MGT 603 Week 1 Paper

Submitted By jlh8899
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Pages: 5

Getting To Yes
MGT 603 Negotiation and Conflict Resolution
Jennifer Hocutt
March 13, 2015

In the book, Getting to Yes, there are many great points addressed in regards to negotiation. The first part of the book exposes many of the unsuccessful measures that are commonly utilized in the negotiations process. Examining closely the differences between “soft” and “hard” negotiation tactics and defining how individuals place themselves into on category over the other was a good way to premise our typical viewpoint on negotiation processes. Looking closer at the definition of “soft” and “hard” negotiators, it is discovered that soft negotiators posses the following viewpoints:
Participants are friends
The goal is agreement
Consequently, “hard” negotiators posses the following viewpoints:
Participants are adversaries
The goal is victory
Between the two sides identified, many people believe they are one or the other. The book suggests the value in trying an alternative approach. “The answer to the question of whether to use soft positional bargaining or hard is “neither”. Change the game.” (Fischer, Ury and 11)
The method examined within the book consists of:
Separating the people from the problem
Focus on interests, not positions Invent options for mutual gain
Insist on using objective criteria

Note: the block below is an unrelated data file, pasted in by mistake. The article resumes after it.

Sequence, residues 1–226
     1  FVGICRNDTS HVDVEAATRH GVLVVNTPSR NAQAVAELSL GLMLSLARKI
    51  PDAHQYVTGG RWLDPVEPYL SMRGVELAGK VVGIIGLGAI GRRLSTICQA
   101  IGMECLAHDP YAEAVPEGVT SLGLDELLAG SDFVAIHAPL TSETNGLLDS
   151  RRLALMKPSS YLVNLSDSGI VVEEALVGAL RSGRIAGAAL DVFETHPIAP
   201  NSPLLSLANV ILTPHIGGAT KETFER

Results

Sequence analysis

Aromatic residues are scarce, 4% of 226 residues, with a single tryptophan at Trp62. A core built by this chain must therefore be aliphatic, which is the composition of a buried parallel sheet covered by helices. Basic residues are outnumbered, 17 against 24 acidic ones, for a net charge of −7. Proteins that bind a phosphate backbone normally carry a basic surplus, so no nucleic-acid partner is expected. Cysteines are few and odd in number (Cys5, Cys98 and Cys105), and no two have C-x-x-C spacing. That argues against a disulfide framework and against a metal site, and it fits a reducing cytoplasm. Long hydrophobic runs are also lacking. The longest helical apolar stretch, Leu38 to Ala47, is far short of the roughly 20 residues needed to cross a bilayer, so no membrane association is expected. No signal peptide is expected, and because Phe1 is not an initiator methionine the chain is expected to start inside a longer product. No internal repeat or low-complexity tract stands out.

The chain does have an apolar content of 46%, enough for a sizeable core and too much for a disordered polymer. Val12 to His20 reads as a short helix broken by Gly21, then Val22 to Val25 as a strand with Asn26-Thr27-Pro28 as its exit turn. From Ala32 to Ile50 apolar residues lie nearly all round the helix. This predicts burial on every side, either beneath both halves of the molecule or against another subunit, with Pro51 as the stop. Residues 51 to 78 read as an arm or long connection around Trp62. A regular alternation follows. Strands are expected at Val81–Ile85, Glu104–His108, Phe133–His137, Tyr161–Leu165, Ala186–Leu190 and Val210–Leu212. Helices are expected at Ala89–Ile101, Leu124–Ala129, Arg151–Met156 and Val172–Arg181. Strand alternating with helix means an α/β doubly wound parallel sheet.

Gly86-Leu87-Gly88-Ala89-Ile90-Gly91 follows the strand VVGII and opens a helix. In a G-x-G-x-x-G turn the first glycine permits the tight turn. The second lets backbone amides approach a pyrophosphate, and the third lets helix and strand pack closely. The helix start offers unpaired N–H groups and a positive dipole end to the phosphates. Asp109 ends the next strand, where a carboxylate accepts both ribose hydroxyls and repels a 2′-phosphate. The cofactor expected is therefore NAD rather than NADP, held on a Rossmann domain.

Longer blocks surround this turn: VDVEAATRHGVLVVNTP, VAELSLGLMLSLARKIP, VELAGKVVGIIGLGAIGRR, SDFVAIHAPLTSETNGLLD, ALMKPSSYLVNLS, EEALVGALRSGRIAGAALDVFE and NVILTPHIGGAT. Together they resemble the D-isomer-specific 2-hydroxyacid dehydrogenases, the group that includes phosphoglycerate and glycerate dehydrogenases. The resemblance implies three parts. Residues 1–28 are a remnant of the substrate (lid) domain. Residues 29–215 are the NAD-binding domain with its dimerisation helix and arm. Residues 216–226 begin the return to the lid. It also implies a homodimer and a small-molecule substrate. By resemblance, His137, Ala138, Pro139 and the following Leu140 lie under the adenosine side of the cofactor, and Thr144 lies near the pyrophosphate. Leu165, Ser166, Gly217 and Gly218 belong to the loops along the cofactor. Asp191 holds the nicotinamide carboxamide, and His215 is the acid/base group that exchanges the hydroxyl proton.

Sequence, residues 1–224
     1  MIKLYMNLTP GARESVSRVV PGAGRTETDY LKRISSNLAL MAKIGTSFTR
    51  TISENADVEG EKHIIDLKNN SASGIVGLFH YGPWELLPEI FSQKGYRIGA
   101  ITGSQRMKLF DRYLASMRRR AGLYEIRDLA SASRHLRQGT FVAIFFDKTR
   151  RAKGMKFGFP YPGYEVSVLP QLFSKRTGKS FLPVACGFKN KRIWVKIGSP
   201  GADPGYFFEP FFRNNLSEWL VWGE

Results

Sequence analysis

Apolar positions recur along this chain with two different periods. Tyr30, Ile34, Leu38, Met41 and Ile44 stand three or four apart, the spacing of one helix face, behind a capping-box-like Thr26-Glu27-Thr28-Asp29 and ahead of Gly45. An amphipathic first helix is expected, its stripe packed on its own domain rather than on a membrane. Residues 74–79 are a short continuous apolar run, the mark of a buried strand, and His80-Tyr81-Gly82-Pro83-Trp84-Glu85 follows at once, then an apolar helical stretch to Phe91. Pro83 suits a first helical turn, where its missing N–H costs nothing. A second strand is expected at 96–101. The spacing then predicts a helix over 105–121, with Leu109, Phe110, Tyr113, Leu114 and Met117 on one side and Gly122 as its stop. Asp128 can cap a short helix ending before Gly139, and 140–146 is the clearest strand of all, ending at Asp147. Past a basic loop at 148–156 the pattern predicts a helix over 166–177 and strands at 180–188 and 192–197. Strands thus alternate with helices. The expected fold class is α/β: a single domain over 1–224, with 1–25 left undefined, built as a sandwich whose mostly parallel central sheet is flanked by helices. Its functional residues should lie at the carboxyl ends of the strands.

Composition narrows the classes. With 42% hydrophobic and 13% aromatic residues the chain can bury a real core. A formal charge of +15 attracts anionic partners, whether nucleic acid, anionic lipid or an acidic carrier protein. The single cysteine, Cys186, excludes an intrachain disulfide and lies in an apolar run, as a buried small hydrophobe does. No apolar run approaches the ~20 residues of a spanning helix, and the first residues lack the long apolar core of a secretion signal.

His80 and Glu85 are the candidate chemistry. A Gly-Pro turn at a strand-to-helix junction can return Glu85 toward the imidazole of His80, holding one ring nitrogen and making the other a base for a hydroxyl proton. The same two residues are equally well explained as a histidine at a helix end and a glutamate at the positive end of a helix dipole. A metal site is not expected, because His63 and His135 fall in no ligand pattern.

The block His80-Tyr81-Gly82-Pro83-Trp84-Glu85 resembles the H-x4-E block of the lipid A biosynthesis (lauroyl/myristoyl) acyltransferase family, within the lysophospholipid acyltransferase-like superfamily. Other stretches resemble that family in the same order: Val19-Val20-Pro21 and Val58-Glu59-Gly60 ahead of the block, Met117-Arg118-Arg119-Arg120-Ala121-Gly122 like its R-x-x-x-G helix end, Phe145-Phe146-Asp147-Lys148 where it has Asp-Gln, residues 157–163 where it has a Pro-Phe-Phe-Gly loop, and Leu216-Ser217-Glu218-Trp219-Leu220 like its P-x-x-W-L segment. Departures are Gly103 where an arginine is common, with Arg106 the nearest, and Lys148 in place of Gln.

The two strategies that presented in the book that I believe would be beneficial and will utilize in future negotiations are separating the people from the problem invent options for mutual gain. Separating the people from the problem can be difficult as it is human tendency to establish relationships and make connections. Successful negotiation can be achieved with greater ease when there is an established solid relationship between the parties. The sharing of mutual respect and trust provides a sense of loyalty and both parties believe that one another have the best interest of the other in mind. This is not always the case; however perception tends to be a person’s reality. “Understanding the other side’s thinking is not simply a useful activity that will help you solve your problem. Their thinking is the problem.” (Fischer, Ury and 24)
There are occasions in which people take advantage of a relationship in order to advance their interests, which can lead to a breakdown in communication and the relationship itself. People are more likely to be “soft” with one another and want both to walk away feeling it was a win on both sides. This can lead to more compromise than necessary because the avoidance of conflict becomes a priority. When an individual concedes a great deal, resentment and bitterness can become the end result. This would not be considered a successful negotiation. As the book suggests, separating the people from the problem leads to a more objective point. “Dealing with the substantive problem and maintaining a good working relationship need not be conflicting goals if the parties are committed and psychologically prepared to treat each separately on its own legitimate merits.” (Fischer, Ury and 23) The techniques proposed in the book to help separate the people from the problem consist of:
Disentangle the relationship from the substance; deal directly with the people problem
Put yourself in their shoes
Don’t deduce their intentions from your fears
Don’t blame them for your problem
Discuss each other’s perceptions
Look for opportunities to act inconsistently with the perceptions
Give them a stake in the outcome by making sure they participate in the process
It is important to understand that emotions run high during negotiations. People feel compelled to defend their ideals and will dig their feet in to stand firm with their beliefs. People can be passionate about a topic, thus making negotiations difficult. Understanding their viewpoint and acknowledging it will assist in softening the person to seeing your viewpoint as well. The